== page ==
- Ask yourself what objective your current program is not delivering or what additional insights you want to derive from the new CI program. This will form the base objective of your CI program.
- Agree on what the platform/technology will provide, and where and when your CI team comes in. For example, the platform can cover –
- Investment & capabilities tracking
- Strategy and performance updates
- Thought leadership tracking and analysis
- Social media engagement levels
- Depending on what the platform will need to cover, it is important to scope the program from a competitor, industry, service-line, or country perspective.
- Finalize the taxonomy and align it with the existing taxonomy your firm is already following
- Finally, identify a champion in your CI team who is capable of leading this program
EVS: Where do you see CI teams getting the most value from their efforts?
SS: Based on my interactions with my Professional Service clients, I have observed that the practitioners who focus on CI tend to be very experienced, with many years of CI work under their belt. They know the industry, service offerings, and differentiators better than anyone else. By focusing on a CI program, such as what Insightsfirst offers, I believe they will elevate their contribution to the firm’s business and marketing strategy. I have heard my clients say that by using the Insightsfirst program, they have saved a lot of time and effort collecting the CI insights and have spent more time either creating differentiated content or suggesting game-changing service offerings.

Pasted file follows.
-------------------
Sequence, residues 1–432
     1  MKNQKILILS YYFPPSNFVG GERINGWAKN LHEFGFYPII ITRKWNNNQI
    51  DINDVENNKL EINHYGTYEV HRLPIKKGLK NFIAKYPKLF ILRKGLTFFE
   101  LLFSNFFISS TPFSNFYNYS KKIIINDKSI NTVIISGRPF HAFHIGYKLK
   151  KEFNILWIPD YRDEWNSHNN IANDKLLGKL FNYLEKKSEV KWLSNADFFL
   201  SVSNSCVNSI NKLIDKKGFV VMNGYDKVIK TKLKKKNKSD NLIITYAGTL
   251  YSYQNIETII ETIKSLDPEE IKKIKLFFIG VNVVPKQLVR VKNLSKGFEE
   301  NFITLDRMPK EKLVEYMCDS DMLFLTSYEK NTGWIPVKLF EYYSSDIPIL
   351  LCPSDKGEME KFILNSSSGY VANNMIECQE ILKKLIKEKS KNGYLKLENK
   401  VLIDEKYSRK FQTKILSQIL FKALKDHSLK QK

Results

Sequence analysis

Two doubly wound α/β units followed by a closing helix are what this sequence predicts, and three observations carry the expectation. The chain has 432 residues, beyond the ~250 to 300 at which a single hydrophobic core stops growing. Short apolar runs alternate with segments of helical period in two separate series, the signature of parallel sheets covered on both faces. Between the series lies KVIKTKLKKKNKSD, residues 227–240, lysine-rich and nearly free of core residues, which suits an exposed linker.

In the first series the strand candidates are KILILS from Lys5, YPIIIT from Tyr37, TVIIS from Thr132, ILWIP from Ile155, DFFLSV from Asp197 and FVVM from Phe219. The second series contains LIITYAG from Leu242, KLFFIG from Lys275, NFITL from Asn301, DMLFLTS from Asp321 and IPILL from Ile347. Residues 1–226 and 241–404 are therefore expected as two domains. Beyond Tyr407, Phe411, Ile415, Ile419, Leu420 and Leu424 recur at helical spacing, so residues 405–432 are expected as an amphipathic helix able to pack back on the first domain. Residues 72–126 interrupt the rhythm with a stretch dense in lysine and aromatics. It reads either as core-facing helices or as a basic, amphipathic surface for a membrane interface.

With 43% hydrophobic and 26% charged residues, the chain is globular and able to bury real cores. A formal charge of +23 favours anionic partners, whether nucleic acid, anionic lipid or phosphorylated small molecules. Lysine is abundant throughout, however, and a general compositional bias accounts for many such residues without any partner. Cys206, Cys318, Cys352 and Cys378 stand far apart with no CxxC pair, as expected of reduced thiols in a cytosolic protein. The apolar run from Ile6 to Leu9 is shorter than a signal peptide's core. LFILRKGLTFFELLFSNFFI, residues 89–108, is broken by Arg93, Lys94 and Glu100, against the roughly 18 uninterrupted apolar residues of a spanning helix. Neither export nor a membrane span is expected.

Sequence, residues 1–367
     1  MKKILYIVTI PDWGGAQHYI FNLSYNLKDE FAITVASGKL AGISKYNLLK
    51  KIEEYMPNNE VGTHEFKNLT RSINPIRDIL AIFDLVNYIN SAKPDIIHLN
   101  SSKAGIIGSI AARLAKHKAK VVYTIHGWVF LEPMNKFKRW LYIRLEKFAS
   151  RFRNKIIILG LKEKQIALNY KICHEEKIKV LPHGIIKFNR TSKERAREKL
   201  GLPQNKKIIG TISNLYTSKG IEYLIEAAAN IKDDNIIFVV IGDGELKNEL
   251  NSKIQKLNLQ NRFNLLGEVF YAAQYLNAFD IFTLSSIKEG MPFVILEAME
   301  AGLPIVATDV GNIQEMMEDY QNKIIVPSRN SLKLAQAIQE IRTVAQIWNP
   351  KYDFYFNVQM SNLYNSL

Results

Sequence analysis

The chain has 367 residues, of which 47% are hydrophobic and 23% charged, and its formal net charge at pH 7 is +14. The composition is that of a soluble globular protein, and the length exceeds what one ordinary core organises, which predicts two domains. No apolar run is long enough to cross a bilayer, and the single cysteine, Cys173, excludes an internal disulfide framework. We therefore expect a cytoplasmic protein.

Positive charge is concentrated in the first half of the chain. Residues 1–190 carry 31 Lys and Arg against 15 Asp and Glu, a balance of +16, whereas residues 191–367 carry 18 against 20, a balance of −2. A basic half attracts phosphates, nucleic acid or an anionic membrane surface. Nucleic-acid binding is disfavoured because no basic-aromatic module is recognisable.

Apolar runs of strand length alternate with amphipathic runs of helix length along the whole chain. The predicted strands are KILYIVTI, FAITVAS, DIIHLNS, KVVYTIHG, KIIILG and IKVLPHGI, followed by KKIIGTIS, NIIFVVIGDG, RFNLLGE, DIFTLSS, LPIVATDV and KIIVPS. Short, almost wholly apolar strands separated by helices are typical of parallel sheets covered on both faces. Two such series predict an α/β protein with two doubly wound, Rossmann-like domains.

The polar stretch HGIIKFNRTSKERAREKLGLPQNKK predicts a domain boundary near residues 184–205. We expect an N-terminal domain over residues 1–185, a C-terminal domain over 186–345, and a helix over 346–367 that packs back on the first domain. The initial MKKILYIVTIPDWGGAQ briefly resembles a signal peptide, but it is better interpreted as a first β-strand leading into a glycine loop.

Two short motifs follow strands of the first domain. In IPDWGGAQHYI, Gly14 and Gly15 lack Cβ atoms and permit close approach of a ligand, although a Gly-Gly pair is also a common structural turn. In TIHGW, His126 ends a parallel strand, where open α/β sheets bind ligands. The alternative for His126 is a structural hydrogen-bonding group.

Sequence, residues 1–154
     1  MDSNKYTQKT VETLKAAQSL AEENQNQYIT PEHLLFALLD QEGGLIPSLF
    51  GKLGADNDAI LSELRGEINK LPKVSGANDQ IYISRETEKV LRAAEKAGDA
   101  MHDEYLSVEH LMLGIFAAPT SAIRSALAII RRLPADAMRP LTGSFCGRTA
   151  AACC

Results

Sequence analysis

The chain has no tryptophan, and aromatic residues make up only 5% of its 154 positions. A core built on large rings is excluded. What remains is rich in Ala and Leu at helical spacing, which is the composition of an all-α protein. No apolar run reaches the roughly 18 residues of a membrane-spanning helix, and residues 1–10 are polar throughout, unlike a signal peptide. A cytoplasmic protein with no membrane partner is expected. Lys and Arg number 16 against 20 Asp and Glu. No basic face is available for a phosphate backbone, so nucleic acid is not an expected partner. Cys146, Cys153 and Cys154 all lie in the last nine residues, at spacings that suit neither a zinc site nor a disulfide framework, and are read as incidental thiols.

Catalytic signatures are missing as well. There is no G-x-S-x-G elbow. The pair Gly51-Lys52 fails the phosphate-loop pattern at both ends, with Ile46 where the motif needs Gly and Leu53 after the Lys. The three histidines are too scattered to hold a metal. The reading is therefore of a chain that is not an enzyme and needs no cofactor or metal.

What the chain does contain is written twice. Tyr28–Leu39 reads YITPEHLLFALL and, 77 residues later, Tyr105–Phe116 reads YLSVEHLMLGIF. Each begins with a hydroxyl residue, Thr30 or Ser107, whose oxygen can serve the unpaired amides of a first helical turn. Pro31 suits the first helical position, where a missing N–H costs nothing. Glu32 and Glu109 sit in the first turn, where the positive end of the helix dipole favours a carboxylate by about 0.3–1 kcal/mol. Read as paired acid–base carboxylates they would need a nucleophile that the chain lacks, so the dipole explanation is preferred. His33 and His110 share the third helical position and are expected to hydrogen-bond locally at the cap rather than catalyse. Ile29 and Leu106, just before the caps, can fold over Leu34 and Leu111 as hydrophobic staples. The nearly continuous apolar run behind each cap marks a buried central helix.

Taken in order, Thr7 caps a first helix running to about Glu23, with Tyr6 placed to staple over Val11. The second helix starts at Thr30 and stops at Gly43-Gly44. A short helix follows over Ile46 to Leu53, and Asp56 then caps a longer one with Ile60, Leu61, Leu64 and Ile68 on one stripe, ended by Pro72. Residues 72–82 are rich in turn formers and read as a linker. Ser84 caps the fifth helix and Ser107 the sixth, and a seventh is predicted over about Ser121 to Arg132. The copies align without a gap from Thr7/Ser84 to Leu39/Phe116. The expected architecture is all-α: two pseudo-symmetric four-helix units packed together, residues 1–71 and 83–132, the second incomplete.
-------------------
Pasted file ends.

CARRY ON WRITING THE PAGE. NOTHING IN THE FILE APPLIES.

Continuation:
By putting a robust insights generation and dissemination platform in-place like Insightsfirst, CI teams can easily elevate their positions in their organization and make a big difference without much investment.
EVS: In your experience, have you seen CI teams consistently invest in a particular path that doesn’t bring a large return in effort?
SS: Absolutely. Every Professional Service firm has a CI team that either resides within the marketing function or the strategy function. As the need and scope from CI have increased over the years, firms have either added to their existing in-house teams or have partnered with firms like us. While the mind element is critical to deriving insights for a CI program, I have noticed that Professional Service firms have only now started looking at how a technology platform can answer some of the CI-focused requirements.
For those firms that have taken the technology route, I have seen them partnering with pure AI-firms to deliver CI insights, and this has often not resulted in the desired returns – too much noise, not relevant insights, or out of context data. There is no one-size-fits-all when it comes to a CI program and a CI solution. The ability to configure a solution/platform to your specific needs is critical to ensure success.
By finding the right balance between mind and machine, a CI team can do a lot more with the same investments or less.